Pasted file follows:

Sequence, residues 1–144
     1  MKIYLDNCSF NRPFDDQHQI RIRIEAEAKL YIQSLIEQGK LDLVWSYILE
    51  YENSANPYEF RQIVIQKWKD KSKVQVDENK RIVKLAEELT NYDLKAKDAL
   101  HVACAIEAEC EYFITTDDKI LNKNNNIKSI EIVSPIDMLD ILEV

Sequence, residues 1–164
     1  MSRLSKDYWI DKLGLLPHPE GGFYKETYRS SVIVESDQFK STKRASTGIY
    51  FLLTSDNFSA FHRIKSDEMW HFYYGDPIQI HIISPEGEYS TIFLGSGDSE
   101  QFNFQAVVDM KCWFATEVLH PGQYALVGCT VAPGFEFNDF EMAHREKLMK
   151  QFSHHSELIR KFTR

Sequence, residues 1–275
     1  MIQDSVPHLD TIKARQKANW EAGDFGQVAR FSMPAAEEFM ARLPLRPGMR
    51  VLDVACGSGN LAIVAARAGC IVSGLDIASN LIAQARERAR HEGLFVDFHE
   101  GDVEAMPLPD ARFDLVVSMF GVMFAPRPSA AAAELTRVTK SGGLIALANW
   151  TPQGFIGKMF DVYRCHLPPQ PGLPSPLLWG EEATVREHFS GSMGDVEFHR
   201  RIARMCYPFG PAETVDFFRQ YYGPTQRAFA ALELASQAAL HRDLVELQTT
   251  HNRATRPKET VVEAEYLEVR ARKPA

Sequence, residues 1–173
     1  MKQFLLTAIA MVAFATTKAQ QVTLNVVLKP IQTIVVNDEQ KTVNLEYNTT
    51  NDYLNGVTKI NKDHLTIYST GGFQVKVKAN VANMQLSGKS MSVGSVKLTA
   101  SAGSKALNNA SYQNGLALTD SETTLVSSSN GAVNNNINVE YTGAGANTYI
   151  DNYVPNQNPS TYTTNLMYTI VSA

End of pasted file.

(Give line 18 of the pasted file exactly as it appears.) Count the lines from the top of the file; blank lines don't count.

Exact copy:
     1  MKQFLLTAIA MVAFATTKAQ QVTLNVVLKP IQTIVVNDEQ KTVNLEYNTT